Clouds are undoubtedly an efficient way for businesses to streamline their operation, keep on top of governance and compliance, and give employees access to documents in real-time no matter where they are. However, cloud systems do carry some inherent risks. Your cloud solution is where most, if not all, of your data will be stored. This solution will be accessible by multiple users, from different devices and in different locations. Even with strong password policies in place, if we think back to the fact that every person represents at least four points of exposure, the likelihood of some sort of breach remains extremely high. 

Third-Party Relationships

If your third-party vendors have access to your data, then it is critical that you understand the security measures that they have in place. A study conducted in 2018 showed that just under 60% of companies had experienced a data breach because of a third-party vendor. Each one of the third-party vendors that you use has a direct impact on your digital risk profile. Therefore, when purchasing a new tech product or changing your business process, it is crucial to consult with a cybersecurity expert. 

As we mentioned, these are just a few of the things that you need to consider when developing your digital risk profile. The best way to uncover all of your areas of risk is to utilize an assessment tool or to have a security provider do a complete vulnerability assessment. Putting together a complete digital risk profile is the only way that you can create a digital risk strategy that will actually protect you and your business.

How Do You Manage Your Digital Risk In Real-Time?

These days, every business has the basic defensive cyber security equipment in place. Things like a firewall, intrusion protection, URL filtering, email filtering and antivirus. But the fact that security breaches still go undetected for 206 days, just goes to show that doing the “basics” is not enough to keep you protected. 

That is almost seven months of someone having access to your system without you even knowing. During that time, criminals not only have access to your financials, your intellectual property and your client data, but they also have the ability to use your infrastructure to launch more attacks.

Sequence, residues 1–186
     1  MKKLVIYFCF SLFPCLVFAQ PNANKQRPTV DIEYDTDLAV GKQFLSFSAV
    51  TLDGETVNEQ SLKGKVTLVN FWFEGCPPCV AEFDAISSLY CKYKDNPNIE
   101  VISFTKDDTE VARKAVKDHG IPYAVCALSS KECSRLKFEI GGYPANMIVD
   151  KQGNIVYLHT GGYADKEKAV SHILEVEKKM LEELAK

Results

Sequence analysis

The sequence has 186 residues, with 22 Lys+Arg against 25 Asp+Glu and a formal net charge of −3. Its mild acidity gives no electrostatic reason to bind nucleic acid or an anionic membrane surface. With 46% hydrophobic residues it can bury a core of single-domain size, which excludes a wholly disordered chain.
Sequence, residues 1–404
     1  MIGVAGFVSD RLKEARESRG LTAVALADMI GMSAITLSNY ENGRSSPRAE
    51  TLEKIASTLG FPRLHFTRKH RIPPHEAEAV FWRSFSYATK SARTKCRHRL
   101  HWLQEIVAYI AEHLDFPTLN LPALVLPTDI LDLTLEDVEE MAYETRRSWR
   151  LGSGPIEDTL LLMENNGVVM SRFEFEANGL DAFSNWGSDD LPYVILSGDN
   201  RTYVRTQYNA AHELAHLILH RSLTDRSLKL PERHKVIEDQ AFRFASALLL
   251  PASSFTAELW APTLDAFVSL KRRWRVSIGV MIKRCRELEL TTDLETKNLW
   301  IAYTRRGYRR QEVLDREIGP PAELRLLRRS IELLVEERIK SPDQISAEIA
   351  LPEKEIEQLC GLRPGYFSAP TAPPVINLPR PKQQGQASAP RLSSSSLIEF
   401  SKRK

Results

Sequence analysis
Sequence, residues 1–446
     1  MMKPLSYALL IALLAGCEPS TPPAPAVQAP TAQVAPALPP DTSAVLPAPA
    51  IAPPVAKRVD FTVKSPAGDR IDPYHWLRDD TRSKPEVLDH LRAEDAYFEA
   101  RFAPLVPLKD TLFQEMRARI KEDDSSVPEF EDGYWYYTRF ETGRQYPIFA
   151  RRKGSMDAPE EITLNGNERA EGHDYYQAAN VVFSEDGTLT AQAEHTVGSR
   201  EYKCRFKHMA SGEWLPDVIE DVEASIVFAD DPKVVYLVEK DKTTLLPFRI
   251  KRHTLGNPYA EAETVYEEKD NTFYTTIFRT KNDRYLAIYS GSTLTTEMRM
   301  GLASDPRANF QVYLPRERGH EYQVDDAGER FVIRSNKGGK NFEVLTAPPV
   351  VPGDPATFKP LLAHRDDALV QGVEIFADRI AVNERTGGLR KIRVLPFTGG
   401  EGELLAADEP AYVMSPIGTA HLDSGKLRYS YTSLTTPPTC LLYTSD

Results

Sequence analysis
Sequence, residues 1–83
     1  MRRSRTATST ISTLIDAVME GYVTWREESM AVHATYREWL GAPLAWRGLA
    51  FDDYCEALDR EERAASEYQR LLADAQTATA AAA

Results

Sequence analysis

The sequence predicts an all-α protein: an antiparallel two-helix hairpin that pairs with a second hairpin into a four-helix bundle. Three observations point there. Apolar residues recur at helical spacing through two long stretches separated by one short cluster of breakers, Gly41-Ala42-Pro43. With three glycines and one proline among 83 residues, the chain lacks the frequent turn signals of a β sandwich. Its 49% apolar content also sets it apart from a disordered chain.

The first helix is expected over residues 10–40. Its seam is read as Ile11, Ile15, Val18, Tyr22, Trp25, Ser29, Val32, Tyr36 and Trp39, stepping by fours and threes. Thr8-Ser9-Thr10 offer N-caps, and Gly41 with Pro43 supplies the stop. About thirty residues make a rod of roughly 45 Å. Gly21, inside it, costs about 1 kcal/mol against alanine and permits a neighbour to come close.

If you are in a regulated industry, deal with government contracts, or simply have a low tolerance for risk, then you need to know if you have suffered a security breach as soon as possible. Here are five things that will reduce your digital risk and provide real-time protection to you and your business. 

Policies and Procedures

As simple as it sounds, everything starts with having good policies and procedures that govern the use of technology for your company. Your employees are, and always will be, the weakest link in your cybersecurity strategy. Studies show that humans are the cause of 90% of the data breaches that we witness. This is because employees share passwords, use unapproved cloud applications, click on malicious websites and attachments, and share sensitive data through emails. The first step in curving this unwanted behavior is by having good policies in place that prohibit these things. But having the policies in place is not enough. You must also strictly enforce these policies in order to develop a security minded culture within your company.

Ongoing Security Awareness Training

The threats that we face continue to not only increase in frequency, but also in the financial impact that they are having. So much so, that it is expected that the damages caused by cybercriminal activity will soar upwards of $6 trillion USD. Criminals are constantly evolving their skills and finding new ways to get inside of companies. Rather than trying to break through your defenses, most of these tactics are designed to target and trick your employees into doing something that will allow them to get around your defenses. In order to combat these constantly evolving threats, you must provide your people with ongoing security awareness training. 

Sitting through a boring security training class given by an IT professional once a quarter, or even worse once a year, has proven to be ineffective. These types of training sessions are great if you simply want to check a box for compliance, but not if you are actually trying to protect your business. The reason that these types of sessions do not work is because they contain too much information to try and digest in one sitting, the tactics that are covered are likely to be outdated soon and they do nothing to keep security top of mind in your day-to-day operations.